February 2005 News

Pakistan Stirs Troubled Waters

8 February 2005
Asia Times Online
Seema Sirohi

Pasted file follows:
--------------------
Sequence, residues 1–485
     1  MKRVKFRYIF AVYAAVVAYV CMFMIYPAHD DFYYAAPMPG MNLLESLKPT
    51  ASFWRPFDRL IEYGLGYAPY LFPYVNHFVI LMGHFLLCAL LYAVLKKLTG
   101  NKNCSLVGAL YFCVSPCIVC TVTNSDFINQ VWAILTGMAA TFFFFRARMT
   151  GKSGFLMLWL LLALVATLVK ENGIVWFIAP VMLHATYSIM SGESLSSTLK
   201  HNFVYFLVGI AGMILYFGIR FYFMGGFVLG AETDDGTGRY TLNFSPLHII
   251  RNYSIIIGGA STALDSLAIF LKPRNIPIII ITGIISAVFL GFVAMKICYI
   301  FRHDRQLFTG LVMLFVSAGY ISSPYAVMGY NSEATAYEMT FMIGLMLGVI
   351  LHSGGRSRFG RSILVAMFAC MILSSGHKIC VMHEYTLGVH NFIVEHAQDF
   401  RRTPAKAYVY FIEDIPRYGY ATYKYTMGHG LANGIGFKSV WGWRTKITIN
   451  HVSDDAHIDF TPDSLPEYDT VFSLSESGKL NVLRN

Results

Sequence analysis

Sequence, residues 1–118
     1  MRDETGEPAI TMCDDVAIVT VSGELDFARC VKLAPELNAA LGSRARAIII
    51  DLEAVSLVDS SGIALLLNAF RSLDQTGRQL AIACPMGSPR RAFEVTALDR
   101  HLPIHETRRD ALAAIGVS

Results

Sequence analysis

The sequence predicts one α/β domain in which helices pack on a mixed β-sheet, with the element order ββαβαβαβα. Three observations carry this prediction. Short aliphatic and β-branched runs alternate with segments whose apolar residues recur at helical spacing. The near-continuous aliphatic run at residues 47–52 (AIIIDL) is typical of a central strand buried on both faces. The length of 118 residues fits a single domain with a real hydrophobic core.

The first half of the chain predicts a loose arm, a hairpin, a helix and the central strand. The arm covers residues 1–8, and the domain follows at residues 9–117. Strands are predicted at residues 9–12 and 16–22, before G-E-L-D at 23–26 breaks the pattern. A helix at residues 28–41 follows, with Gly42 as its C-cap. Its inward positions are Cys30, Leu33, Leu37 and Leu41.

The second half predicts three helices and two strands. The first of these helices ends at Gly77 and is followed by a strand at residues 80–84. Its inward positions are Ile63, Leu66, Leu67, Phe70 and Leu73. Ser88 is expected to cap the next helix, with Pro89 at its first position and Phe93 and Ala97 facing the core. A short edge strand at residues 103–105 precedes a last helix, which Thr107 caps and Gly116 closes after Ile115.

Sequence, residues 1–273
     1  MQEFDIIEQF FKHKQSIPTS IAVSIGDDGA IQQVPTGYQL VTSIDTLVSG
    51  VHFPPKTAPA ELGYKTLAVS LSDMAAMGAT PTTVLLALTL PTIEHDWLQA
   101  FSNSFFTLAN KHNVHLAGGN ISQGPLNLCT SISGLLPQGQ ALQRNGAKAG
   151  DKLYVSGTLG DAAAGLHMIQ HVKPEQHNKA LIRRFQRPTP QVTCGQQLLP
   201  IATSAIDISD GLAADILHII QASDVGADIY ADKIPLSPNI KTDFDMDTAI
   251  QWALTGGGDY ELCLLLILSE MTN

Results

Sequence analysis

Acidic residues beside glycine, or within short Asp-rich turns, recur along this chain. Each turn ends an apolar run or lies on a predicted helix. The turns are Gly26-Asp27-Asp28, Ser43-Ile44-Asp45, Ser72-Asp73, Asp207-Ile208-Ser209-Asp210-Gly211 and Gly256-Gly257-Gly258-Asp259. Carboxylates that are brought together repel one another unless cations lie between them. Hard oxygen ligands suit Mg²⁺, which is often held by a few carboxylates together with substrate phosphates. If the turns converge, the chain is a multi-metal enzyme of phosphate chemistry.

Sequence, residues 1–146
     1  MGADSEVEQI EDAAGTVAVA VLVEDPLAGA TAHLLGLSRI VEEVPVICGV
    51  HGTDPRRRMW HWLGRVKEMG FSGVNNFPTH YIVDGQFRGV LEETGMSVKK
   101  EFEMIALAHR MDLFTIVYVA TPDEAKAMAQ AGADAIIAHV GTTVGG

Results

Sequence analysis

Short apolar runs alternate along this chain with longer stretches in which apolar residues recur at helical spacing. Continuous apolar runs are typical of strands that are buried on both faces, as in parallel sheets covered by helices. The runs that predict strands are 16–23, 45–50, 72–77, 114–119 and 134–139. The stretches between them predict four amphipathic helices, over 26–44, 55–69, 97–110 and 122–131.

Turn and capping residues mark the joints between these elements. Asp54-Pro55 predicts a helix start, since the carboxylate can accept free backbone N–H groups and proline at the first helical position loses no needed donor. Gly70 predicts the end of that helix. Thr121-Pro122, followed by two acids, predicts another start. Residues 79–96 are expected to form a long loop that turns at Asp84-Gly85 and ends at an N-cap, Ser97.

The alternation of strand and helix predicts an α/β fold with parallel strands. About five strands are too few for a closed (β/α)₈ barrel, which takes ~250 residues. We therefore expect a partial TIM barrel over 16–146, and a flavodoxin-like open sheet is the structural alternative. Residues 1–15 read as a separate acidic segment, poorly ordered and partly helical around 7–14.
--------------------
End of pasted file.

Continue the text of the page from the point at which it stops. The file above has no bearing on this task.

Washington DC: Pakistan's decision to ask the World Bank to intervene in a water dispute with India is being seen as a political move that is likely to result in a prolonged legal battle and further slow the momentum in the peace process. Islamabad recently asked the World Bank to appoint a 'neutral expert' to settle differences over a dam India is building on the Chenab River, one of five rivers governed by the Indus Water Treaty of 1960. The treaty, which survived two wars and numerous provocations on the Indo-Pakistan border, is in danger of becoming a political volcano at a time when the two countries are committed to a comprehensive dialogue conducted both officially and through many exchanges of writers, painters and other cultural ambassadors. The dispute has forced World Bank president James D Wolfensohn, who is currently visiting Pakistan, into the middle of subcontinental politics, a position he is unlikely to enjoy. Besides toasting his many successes, Pakistani officials are expected to press Wolfensohn to hasten the process of appointing a 'neutral expert' to look into India's decision to build the Baglihar Dam on the Chenab, which Pakistan claims violates the treaty. The World Bank has clarified that it is a 'signatory' to the treaty, not a guarantor, implying that if Pakistan is looking for an activist to champion its cause, the Bank is not the one. 'It is a primarily a bank and its aim is not to get into regional politics. But since it is a signatory to the treaty, it can't wriggle out of what is in black and white,' said one World Bank official. 'It will do everything by the book but it is not in the business of telling the neutral expert what he must do.' Pakistan's ambassador to the United States, Jehangir Karamat, submitted a formal request on January 18 to the World Bank to appoint a neutral expert and followed it up on January 28 with supporting documents to show that bilateral discussions have not yielded the desired results and have been exhausted, from Islamabad's point of view. But not so from New Delhi's viewpoint. Indian diplomats smell politics, desperation and a determination to up the ante even when the facts are not in Islamabad's favor. Karamat's march to the World Bank is seen by Indian officials as provocative and an attempt to 'internationalize' the issue. They insist that the differences are 'technical' and can be settled bilaterally with further talks - if only Pakistan would approach the meetings with an open mind. While India has sought to deal with the issue through technical experts, Pakistan's posture appears to be driven by its Foreign Office with an eye to gaining diplomatic advantage. 'It is a Pavlovian response because Pakistan has raised objections to all river projects India has undertaken in the past,' an Indian official said. 'We have resolved their objections through the Permanent Indus Commission for 27 projects but they still maintain those objections on the agenda when the commissioners meet.' After the failure of the last round of talks on the Baglihar project in New Delhi, Pakistani diplomats decided to turn up the heat by going to the World Bank. Pakistan's Foreign Office spokesman, Masood Khan, said the Baglihar Dam 'will severely reduce water supplies to Pakistan and will adversely affect some of our fertile agriculture lands'. The Bank, caught in a bind, has reacted in an extremely careful manner. In a statement, the World Bank said it was reviewing the documents submitted by Pakistan before deciding whether it was time to appoint a neutral expert. There are several legal steps before the Bank can step in and from the nuanced statement it was made clear that the Bank is not keen to jump into the middle of India and Pakistan, where every move is fraught with political consequences. 'The treaty does not envisage a role for the World Bank in the determination of any issues which might be brought before a Neutral Expert. The Bank will not participate in any discussion or exchange beyond its role in the process of appointing a Neutral Expert,' the statement said. The Bank clarified that while it will appoint a neutral expert - a responsibility it must shoulder under the treaty - it will do so only after determining whether Pakistan has tried to resolve the 'question' through the Permanent Indus Commission, a body empowered by the treaty as the first port of call. If the 'question' is not resolved there, it is considered a 'difference' and referred to a neutral expert to be appointed by the two countries. If they can't agree on an expert, the Bank will appoint one in consultation with both India and Pakistan. The controversy stems from India's decision to begin construction on the Baglihar Dam in 2000 after announcing the project in 1992. Pakistan objected to the design, saying the dam can rob it of 7,000 cusecs - cubic feet per second - of water a day, a charge India denies. Indian engineers say that the dam is in compliance with the treaty articles and the amount of water to be stored is within the limits specified by the treaty. The 450- megawatt project is being built on the Chenab, one of the five rivers that originate in India and are subject to the 1960 treaty brokered by the World Bank. Under the treaty, India has rights over the waters of the Ravi, Sutlej and Beas rivers, while Pakistan has rights over the waters of the Indus, Chenab and Jhelum. Murmurs in Pakistan suggest that the treaty must be reopened because some perceive that it gives India an undue advantage over the precious resource. Islamabad has begun to cast the sharing of waters increasingly as a 'strategic' issue with far wider implications than envisaged earlier. The treaty says India can build reservoirs on the rivers for capacities specified by the treaty after informing Pakistan. The water can be used 'for any purpose including generation of electric energy'. The dispute is over whether India is storing and plans to 'store' water for a period longer than specified in the treaty. Pakistan's objections are based on possible future scenarios, including war. Fears that India could reduce the flow or flood areas of Pakistan because the dam is at a certain height are not founded in reality, say Indian officials who find such objections nothing but 'political gamesmanship', since India has not blocked water to Pakistan even during wartime. After the 1971 war, Pakistan raised objections to India's decision to build the Salal hydroelectric project in the mid-1970s but India successfully addressed the objections under the Indus Commission. The project was as big as the Baglihar project but Pakistan didn't feel the need to go to the World Bank. World Bank officials are studying the documents and are expected to announce their decision soon. If the neutral expert is unable to resolve the 'difference', it will be considered a 'dispute' and go to a court of arbitration. Seema Sirohi is a Washington-based correspondent.